Due diligence at the EMS provider: Key operating and financial indicators

Are sales falling or is production rising too fast?

By Mark Zetter

When OEMs evaluate electronics contract manufacturers, it’s not enough that a particular contract manufacturer has a history or experience in the field of expertise, or product end-markets, the OEM is marketing its products in.

OEM executives must also be comfortable understanding the contract manufacturer’s financial position relative to his business profit objectives and, that the contract manufacturer will be around for a while to serve the needs of the OEM.

Below are some of the financial operating and overall company indicators, and a few possibly related causes, OEM executives might want to look into more closely when evaluating contract manufacturers for the purpose of engagement.

Naturally, it is easier to gain access to some of this information from publicly traded contract manufacturing companies. (Click here for more detail on metrics and liability)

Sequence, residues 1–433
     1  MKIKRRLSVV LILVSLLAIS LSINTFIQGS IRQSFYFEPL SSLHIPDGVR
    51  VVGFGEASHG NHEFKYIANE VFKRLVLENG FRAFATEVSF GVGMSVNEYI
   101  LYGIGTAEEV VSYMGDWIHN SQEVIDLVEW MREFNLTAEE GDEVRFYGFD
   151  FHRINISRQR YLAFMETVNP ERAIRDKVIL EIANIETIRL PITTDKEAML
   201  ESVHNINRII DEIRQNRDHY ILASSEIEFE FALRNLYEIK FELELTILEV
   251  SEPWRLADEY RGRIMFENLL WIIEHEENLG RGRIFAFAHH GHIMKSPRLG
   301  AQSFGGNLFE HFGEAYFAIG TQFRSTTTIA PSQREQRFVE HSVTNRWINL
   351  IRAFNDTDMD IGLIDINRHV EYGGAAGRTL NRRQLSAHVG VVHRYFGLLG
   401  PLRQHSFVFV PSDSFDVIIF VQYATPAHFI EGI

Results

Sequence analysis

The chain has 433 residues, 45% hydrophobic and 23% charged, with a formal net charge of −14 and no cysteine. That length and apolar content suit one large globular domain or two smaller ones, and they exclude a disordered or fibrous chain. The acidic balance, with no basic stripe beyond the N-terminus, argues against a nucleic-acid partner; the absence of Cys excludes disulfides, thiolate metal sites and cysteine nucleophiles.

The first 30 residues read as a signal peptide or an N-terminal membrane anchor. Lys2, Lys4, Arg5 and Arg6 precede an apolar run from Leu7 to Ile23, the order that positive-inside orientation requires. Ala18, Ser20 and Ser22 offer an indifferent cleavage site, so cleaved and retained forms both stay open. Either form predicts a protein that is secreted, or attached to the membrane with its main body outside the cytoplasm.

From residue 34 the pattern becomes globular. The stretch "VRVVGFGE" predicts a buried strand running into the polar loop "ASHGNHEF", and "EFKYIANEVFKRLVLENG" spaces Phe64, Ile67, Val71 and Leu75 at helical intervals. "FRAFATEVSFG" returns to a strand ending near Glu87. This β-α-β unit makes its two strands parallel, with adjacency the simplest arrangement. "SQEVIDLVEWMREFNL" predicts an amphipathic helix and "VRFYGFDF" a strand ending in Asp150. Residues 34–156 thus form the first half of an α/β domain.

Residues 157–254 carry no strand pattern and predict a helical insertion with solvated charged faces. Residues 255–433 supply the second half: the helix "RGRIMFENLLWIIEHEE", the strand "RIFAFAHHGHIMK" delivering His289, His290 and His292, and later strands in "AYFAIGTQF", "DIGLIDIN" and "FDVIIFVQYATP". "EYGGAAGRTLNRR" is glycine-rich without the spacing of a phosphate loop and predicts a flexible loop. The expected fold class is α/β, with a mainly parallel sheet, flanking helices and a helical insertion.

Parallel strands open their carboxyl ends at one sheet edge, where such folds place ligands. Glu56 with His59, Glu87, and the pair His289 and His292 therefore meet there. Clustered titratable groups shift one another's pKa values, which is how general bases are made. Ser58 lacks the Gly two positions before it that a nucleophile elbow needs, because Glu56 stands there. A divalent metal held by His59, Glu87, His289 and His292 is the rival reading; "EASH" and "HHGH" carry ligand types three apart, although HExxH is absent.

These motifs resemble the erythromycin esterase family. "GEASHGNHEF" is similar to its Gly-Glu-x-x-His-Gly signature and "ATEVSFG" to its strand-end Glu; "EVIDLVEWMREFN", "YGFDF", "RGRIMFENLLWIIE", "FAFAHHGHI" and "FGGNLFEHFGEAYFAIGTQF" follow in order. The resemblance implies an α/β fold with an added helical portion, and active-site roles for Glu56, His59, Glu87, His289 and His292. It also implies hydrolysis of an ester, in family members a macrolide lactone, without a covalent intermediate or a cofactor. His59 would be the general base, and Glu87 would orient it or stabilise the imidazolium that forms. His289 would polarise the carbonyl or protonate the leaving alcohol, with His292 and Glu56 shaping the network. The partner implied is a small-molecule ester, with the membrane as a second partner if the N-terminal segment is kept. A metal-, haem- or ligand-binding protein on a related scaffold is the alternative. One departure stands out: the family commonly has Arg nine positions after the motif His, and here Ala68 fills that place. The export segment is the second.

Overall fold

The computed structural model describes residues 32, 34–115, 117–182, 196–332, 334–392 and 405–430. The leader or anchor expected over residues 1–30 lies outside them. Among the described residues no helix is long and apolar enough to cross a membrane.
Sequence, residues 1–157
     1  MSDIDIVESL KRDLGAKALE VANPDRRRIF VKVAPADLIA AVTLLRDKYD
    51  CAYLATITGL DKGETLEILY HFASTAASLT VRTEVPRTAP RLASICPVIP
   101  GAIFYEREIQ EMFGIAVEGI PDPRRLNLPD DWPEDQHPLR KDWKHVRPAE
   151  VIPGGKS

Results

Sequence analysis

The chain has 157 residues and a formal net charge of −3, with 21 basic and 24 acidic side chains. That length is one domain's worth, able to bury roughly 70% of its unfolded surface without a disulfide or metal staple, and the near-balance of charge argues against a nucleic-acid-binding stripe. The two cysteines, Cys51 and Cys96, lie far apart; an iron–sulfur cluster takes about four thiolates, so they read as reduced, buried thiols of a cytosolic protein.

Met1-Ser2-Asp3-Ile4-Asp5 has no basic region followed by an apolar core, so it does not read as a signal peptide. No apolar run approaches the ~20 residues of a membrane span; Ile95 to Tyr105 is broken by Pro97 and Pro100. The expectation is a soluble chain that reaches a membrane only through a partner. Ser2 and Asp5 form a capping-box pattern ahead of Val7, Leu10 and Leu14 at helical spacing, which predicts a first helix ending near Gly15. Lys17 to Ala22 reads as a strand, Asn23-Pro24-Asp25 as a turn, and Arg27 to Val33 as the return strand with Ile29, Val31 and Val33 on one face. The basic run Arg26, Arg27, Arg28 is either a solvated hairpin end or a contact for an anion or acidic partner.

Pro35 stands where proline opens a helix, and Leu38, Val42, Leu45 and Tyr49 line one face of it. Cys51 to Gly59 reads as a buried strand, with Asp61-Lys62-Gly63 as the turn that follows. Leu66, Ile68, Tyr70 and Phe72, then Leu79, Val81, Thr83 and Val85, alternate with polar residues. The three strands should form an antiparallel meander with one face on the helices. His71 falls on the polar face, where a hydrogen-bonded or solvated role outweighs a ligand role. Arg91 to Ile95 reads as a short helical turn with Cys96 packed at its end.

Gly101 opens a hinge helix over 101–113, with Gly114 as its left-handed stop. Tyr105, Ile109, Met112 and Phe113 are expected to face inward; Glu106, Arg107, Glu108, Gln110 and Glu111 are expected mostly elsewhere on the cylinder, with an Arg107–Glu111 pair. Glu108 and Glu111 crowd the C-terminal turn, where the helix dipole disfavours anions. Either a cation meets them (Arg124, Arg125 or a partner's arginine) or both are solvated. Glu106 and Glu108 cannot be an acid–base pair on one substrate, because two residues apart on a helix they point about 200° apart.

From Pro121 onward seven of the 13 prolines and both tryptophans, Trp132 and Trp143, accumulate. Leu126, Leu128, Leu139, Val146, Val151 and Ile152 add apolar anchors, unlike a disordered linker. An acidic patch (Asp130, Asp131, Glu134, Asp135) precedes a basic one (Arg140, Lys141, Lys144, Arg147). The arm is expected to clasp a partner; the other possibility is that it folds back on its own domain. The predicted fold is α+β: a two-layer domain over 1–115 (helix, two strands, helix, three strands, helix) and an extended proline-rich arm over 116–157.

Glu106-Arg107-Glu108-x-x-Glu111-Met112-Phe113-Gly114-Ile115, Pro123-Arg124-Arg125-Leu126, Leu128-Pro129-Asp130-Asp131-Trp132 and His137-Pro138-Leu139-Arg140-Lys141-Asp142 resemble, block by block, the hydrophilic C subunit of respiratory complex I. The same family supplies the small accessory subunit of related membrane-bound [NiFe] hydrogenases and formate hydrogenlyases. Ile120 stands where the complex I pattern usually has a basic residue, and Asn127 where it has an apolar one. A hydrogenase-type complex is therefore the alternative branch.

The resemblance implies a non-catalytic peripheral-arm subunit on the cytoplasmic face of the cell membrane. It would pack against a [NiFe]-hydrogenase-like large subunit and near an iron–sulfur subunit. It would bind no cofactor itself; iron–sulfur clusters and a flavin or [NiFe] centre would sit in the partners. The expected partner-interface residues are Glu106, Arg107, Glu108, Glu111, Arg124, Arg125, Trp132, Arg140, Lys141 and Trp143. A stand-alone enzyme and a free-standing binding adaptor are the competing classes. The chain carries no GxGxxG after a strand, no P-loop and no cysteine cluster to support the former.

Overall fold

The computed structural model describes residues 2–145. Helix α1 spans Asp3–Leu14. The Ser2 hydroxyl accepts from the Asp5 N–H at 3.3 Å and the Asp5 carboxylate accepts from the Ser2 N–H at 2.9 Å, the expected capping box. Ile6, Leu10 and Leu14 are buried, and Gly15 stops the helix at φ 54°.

Earnings statements

Inventories
High inventories might possibly indicated the following: quality of the products manufactured by the contract manufacturer has slipped; the competition is building a better-quality product for the same customer, or end-markets some of the contract manufacturers’ customers are financially strapped production costs are out of line the contract manufacturer is no longer price competitive.

One question executives should ask is, “are sales falling or is production rising too fast?” Keep in mind, companies may hold back some inventories while waiting for new product introductions (NPI).

Rising receivables

Most explanations for rising receivables are usually bad if receivables are rising faster than sales (relative percentage for each). Possibilities for this might include: customers are paying the contract manufacturer to slowly (again, due to financial troubles of their own, or business disputes) ‘channel stuffing’ or, increased shipments at quarter end to help make the quarter numbers (essentially, stealing from the following quarter) could be talking place.

 

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Extraordinary losses
Look for inconsistencies. In years one through three, for instance, the contract manufacturer reports steadily increasing operating earning profits (with its stock price rising). Then, in year four the company reports an extraordinary loss per share, but adds that operating earnings, before the loss, were healthy. It could be there has been some neglect in capital spending necessary to maintain infrastructure in a high capex industry such as contract manufacturing.

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